The worst possible nightmare came true for the L.V. Rogers Bombers at the B.C. High School AA Boy’s Soccer Championships.A tired and weary Bomber squad, fresh from a weekend Whitecaps Regional camp, fell 3-0 to Okanagan Mission to open the 16-team tournament Monday in Burnaby.LVR managed to bounce back in game two, riding a Ryan Lewis goal to tie Aldergrove 1-1.”Got (to Burnaby) at 2 a.m. (Monday),” said coach Dave Spendlove, who along with son Jamie, form the sideline staff of the Kootenay champs.”It rained non stop and the boys did not play well losing the first game to Kelowna.”The Bomber worlds collided last week when tournament organizers moved up the AA championships two days. The decision meant most of the Bombers would be in Vernon Saturday and Sunday for the Caps training before traveling late Sunday night for the Lower Mainland. Added to the bad luck was the fact LVR was scheduled to open the tournament Monday at 9:30 a.m.”Against Kelowna we started off like deer in the headlights but came into the game and should have gone in half time two goals up,” Spendlove explained.In the second half, however, it was Kelowna going up early after LVR failed to clear the ball properly following an Okanagan Mission corner.OKM scored twice on defensive errors by the Bombers to put the game away. The goals cam after LVR missed on a three-on-one opportunity.Game two started like game one ended with Aldergrove granted a gift goal to open the contest.That was it for Aldergrove as the Bombers took over the game, pressuring the Fraser Valley team the rest of the game.The tying marker came following a six-way passing play with Lewis calmly depositing the ball into the vacant net.LVR returns to the pitch Tuesday to conclude the round robin draw with a game against West Van’s Sentinel.The playoff round follows Tuesday afternoon with the final seeding games set for Wednesday.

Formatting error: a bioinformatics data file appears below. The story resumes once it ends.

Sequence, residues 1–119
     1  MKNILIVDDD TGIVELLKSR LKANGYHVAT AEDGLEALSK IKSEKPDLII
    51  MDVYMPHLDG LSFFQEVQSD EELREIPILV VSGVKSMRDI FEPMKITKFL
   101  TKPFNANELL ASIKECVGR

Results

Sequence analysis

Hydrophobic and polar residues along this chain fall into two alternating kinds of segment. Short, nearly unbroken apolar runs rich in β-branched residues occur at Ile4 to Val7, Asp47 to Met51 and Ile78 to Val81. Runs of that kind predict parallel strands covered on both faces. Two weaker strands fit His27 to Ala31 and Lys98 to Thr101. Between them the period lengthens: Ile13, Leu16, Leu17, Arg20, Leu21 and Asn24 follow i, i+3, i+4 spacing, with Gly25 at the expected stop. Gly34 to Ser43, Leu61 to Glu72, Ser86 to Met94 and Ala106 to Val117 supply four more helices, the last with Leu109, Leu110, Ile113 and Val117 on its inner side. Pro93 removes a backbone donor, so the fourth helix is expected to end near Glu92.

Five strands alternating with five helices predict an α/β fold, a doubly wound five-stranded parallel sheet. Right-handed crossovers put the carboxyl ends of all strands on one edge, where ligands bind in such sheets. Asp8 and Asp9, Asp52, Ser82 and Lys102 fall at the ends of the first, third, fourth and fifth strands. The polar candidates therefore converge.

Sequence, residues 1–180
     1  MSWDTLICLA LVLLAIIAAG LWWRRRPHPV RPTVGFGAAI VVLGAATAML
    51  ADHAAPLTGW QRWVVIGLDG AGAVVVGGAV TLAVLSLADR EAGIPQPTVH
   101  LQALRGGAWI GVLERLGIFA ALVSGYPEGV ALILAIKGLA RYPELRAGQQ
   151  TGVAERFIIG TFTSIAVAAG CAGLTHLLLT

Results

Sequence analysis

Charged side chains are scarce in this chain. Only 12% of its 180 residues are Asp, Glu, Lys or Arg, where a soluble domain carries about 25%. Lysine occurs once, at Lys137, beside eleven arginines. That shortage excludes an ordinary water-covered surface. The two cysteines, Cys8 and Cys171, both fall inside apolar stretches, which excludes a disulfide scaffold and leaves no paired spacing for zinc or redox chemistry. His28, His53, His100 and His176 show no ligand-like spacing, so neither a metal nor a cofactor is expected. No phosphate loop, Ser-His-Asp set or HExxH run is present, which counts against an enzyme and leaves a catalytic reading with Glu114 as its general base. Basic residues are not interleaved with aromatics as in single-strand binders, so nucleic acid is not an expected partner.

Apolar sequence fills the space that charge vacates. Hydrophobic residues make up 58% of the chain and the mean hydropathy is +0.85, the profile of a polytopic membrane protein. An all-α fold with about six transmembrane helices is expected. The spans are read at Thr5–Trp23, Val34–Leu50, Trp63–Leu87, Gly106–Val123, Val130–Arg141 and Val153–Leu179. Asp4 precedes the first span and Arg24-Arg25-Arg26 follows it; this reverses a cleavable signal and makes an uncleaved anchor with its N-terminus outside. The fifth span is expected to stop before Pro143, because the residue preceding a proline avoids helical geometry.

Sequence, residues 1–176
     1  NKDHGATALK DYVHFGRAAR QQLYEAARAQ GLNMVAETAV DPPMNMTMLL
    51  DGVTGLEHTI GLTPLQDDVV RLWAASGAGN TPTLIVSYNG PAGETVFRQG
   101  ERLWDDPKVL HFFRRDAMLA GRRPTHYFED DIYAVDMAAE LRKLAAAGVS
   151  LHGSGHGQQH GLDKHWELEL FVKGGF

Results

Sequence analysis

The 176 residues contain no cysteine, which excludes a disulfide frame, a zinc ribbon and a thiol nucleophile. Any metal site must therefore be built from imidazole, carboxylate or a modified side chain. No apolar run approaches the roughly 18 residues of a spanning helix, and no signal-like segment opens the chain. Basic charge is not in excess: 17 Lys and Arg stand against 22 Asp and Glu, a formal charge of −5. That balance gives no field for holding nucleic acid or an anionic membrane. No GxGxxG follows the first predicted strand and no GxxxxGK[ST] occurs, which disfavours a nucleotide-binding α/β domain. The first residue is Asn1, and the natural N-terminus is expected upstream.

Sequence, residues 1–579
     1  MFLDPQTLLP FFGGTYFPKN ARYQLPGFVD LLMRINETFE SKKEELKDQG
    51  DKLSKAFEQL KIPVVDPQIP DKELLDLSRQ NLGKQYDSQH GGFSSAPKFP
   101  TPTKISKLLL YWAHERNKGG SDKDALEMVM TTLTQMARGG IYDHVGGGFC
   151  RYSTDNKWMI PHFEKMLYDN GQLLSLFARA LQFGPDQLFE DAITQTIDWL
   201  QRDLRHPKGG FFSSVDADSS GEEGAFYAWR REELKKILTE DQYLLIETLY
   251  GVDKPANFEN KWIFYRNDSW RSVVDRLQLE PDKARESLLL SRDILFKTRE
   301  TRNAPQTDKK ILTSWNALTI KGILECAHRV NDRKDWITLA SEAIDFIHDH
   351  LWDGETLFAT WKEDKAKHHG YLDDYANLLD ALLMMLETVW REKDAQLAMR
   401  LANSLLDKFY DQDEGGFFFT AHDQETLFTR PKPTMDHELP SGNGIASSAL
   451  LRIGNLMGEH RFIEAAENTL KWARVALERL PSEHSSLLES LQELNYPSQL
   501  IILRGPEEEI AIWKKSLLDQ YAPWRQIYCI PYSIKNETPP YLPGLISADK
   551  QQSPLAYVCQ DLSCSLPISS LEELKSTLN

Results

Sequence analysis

Head coach Mario DiBella is going have his eyes glued to the NDCC Arena ice as more than 50 players are expected for the Kootenay Ice Major Midget Evaluation Camp.Team officials and BC Hockey High Performance evaluators will evaluate players at the three-day camp. Final selections of the 20 players, including two goaltenders, which make up each Major Midget team will be made by September 15.Evaluation camps are run every year in order to evaluate players and help select the following year’s teams.Camp registration is designated as “open” registration, meaning that the number of players who can attend each camp is unlimited.The BC Hockey Major Midget League was established in 2004 to provide elite level 15, 16 and 17 year olds an opportunity to play within their own age group at a high level and be developed for the next level of hockey. These teams have an opportunity each year to compete for the National Midget Championship.Also this weekend at the NDCC Arena, the Kootenay Wildcat Tryouts are scheduled for Saturday, 6:30-8:30 p.m. and Sunday, 7:30-8:45 a.m. and Noon to 1:30 p.m.